The heroine of the Gothic story usually suffers from an unfortunate upbringing in the absence of family. Most of the time, she doesn’t know the truth of her ancestry; it is later revealed in a letter, in a manuscript, or by a long-lost relative. Her genealogy, once it is unveiled, is usually a plot device that is the key to her salvation. In the chapbook “Oakcliffe Hall,” for example, the heroine Ellinor doesn’t know the truth of her parentage until she reads her family’s papers after they have died. Only after she reads them does she realize her family members sacrificed themselves and killed her intended lover to prevent her from unwittingly committing an act of incest, since her intended paramour turns out to be her own half-brother. Secret parentage can also be revealed by visiting ruins, or by a knowledgeable person interpreting a birthmark or identificatory talisman.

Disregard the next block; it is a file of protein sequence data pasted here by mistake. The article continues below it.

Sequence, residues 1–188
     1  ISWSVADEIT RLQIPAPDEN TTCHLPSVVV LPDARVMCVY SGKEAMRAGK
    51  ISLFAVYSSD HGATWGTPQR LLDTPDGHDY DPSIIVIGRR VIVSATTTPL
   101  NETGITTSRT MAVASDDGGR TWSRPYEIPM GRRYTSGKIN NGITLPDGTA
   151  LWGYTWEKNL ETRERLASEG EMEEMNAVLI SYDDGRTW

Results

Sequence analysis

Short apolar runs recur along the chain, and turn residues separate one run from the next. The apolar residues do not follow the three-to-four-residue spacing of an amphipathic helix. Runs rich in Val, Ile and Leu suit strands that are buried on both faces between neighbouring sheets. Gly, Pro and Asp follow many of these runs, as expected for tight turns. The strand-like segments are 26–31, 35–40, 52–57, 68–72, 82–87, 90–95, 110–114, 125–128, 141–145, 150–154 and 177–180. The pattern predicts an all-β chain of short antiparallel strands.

Courtesy of Wendy Fall, Marquette University
See also: revealed genealogy
Frank, Frederick S. The First Gothics : A Critical Guide to the English Gothic Novel. New York : Garland Pub.,1987. Print.